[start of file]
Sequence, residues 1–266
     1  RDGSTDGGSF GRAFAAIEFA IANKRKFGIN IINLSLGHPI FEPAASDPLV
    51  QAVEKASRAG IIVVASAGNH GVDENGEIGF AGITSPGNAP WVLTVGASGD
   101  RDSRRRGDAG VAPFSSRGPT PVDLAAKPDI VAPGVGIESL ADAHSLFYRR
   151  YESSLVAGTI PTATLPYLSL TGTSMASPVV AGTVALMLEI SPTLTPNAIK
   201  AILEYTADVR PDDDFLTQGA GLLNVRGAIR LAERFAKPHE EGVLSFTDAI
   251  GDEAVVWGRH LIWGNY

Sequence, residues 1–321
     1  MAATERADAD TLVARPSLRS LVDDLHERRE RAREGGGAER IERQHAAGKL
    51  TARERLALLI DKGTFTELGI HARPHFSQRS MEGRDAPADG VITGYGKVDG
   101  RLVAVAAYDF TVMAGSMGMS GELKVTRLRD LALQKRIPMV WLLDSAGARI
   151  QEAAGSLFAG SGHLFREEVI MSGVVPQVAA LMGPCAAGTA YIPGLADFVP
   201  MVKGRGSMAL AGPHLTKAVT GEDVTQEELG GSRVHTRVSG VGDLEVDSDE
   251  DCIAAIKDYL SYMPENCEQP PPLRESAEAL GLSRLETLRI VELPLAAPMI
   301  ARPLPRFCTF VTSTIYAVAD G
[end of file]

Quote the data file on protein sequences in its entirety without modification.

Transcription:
Sequence, residues 1–266
     1  RDGSTDGGSF GRAFAAIEFA IANKRKFGIN IINLSLGHPI FEPAASDPLV
    51  QAVEKASRAG IIVVASAGNH GVDENGEIGF AGITSPGNAP WVLTVGASGD
   101  RDSRRRGDAG VAPFSSRGPT PVDLAAKPDI VAPGVGIESL ADAHSLFYRR
   151  YESSLVAGTI PTATLPYLSL TGTSMASPVV AGTVALMLEI SPTLTPNAIK
   201  AILEYTADVR PDDDFLTQGA GLLNVRGAIR LAERFAKPHE EGVLSFTDAI
   251  GDEAVVWGRH LIWGNY

Sequence, residues 1–321
     1  MAATERADAD TLVARPSLRS LVDDLHERRE RAREGGGAER IERQHAAGKL
    51  TARERLALLI DKGTFTELGI HARPHFSQRS MEGRDAPADG VITGYGKVDG
   101  RLVAVAAYDF TVMAGSMGMS GELKVTRLRD LALQKRIPMV WLLDSAGARI
   151  QEAAGSLFAG SGHLFREEVI MSGVVPQVAA LMGPCAAGTA YIPGLADFVP
   201  MVKGRGSMAL AGPHLTKAVT GEDVTQEELG GSRVHTRVSG VGDLEVDSDE
   251  DCIAAIKDYL SYMPENCEQP PPLRESAEAL GLSRLETLRI VELPLAAPMI
   301  ARPLPRFCTF VTSTIYAVAD G